• @magicmarker said in Linux OS advice for building a SAM-SD:

    I just want to mention that the KVM Hypervisor does take more than Linux basic knowledge. After @JaredBusch and @scottalanmiller recommended KVM on Fedora for the SAM-SD OS I have been playing with the KVM Hypervisor on a minimal Fedora install. I was able to successfully get a working KVM Hypervisor running. I realize that I've been very spoiled with the ESXi Hypervisor. I will require a more GUI based Hypervisor setup. I played around with the virt-manager which is a nice alternative to the cli for novice Linux users. There is still too much for me to learn with KVM and I never really did find instructions that really spell it out for me. I'm trying not to use VMware ESXi. I'm going to re-visit Hyper-V 2016 standalone with a Fedora Server (with desktop) VM to be my NFS file server. I'm open to any advice or words of encouragement to re-direct my focus back to the KVM Hypervisor.

    You couldn't find any good guides to KVM? We should see about writing one here.


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    @magicmarker said in Linux OS advice for building a SAM-SD:

    I just want to mention that the KVM Hypervisor does take more than Linux basic knowledge.

    Depends on how you get it. You can get KVM from someone like Scale and never see anything of Linux ever.


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    @magicmarker said in Linux OS advice for building a SAM-SD:

    I just want to mention that the KVM Hypervisor does take more than Linux basic knowledge. After @JaredBusch and @scottalanmiller recommended KVM on Fedora for the SAM-SD OS I have been playing with the KVM Hypervisor on a minimal Fedora install. I was able to successfully get a working KVM Hypervisor running. I realize that I've been very spoiled with the ESXi Hypervisor. I will require a more GUI based Hypervisor setup. I played around with the virt-manager which is a nice alternative to the cli for novice Linux users. There is still too much for me to learn with KVM and I never really did find instructions that really spell it out for me. I'm trying not to use VMware ESXi. I'm going to re-visit Hyper-V 2016 standalone with a Fedora Server (with desktop) VM to be my NFS file server. I'm open to any advice or words of encouragement to re-direct my focus back to the KVM Hypervisor.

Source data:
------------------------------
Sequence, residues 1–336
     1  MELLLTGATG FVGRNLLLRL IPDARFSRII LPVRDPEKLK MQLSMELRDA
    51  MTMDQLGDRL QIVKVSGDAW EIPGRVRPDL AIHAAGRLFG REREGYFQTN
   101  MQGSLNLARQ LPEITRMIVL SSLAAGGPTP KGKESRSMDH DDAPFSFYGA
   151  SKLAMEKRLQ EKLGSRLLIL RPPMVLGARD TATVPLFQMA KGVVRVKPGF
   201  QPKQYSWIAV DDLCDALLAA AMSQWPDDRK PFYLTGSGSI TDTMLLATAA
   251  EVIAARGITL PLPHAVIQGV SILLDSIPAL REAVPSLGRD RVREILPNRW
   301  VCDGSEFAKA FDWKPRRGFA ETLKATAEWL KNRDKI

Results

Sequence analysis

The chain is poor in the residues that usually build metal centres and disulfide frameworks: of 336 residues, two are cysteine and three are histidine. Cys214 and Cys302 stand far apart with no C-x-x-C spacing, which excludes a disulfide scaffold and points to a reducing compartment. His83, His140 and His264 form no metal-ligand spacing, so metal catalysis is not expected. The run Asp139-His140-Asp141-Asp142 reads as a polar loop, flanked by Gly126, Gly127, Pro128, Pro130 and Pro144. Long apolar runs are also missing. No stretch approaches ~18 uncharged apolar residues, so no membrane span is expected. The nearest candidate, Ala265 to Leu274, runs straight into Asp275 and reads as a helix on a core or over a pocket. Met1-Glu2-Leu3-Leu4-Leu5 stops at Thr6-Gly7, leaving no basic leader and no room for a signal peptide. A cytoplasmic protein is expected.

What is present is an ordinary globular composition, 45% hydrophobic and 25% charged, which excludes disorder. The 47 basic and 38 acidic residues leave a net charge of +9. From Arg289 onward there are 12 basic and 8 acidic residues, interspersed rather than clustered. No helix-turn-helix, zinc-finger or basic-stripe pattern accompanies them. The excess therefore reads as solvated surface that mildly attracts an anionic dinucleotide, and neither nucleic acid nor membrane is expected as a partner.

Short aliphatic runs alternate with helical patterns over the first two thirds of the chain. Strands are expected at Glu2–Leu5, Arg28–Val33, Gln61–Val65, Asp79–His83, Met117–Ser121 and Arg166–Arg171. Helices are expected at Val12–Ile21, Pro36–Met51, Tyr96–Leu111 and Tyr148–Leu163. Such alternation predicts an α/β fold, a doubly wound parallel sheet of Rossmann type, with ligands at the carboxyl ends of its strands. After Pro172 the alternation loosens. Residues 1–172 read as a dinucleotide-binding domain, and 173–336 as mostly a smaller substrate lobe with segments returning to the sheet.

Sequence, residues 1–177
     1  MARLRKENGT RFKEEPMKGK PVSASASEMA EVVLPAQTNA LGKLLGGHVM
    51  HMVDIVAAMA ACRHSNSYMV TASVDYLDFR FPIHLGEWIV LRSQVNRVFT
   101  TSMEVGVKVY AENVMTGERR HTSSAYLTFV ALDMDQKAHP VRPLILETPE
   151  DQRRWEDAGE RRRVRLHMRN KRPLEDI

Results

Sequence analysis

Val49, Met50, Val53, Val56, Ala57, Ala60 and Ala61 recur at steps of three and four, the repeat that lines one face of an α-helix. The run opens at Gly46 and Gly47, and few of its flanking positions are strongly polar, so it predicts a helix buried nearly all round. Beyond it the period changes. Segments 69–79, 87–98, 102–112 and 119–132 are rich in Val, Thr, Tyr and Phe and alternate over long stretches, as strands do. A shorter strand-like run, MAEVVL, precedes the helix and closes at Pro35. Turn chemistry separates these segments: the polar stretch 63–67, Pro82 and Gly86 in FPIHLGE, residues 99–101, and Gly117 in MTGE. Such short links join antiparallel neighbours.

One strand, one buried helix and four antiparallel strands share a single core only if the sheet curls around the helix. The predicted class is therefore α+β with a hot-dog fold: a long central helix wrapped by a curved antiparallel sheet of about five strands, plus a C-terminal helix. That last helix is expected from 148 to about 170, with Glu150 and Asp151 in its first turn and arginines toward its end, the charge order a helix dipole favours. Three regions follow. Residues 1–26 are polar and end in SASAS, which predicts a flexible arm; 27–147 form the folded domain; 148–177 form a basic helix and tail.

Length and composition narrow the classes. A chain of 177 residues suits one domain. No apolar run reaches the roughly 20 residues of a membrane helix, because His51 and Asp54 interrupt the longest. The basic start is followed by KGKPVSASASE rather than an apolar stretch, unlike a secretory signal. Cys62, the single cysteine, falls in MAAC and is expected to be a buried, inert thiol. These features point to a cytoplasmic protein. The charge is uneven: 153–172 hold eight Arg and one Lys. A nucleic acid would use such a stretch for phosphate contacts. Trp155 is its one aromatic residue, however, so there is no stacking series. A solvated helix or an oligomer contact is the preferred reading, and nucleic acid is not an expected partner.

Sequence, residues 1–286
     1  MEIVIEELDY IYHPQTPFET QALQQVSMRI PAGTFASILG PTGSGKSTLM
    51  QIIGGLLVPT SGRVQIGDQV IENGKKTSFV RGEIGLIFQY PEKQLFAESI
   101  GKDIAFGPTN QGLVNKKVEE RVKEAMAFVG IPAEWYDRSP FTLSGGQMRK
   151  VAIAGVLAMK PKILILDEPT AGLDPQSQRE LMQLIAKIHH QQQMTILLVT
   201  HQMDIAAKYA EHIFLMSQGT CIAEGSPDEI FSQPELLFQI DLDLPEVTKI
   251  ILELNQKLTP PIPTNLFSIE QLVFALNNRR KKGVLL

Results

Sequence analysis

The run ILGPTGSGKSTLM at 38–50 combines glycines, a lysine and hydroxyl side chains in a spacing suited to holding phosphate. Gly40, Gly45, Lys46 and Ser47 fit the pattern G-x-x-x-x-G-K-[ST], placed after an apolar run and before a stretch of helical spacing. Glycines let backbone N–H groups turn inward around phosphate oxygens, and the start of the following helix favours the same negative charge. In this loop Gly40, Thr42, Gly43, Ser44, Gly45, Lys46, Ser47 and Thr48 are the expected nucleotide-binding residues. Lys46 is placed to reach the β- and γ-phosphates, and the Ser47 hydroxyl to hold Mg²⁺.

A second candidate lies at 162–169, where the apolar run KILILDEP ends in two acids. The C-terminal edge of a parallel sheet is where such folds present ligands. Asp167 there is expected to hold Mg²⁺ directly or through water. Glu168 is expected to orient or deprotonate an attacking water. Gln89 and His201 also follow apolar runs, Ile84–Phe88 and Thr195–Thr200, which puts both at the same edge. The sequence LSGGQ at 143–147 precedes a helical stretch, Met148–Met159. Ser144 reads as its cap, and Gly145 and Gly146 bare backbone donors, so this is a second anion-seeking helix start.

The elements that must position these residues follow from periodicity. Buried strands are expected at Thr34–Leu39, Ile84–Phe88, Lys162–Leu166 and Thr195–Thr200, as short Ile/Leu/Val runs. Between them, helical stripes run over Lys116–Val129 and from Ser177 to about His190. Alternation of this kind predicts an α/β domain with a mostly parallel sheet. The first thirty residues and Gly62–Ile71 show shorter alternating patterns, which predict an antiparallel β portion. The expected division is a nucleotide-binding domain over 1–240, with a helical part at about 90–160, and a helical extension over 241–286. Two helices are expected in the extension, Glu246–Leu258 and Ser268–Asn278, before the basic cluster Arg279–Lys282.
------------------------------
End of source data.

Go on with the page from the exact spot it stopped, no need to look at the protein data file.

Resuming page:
I found KVM to be quite a bit easier than Hyper-V. Did the KVM GUI tools not work for you?



  • @scottalanmiller I only used the Virt-Adapter GUI tool. Where I was having trouble was making KVM see my drive volume on my hardware RAID controller. I then added a network bridge. I was at the point where I was creating a new VM and KMV didn't like my network bridge. Rebooted my KVM host and she wouldn't come out of recovery. I didn't like Hyper-V when I was testing it out a few months ago. Thanks for making me aware of Scale. I will check that out.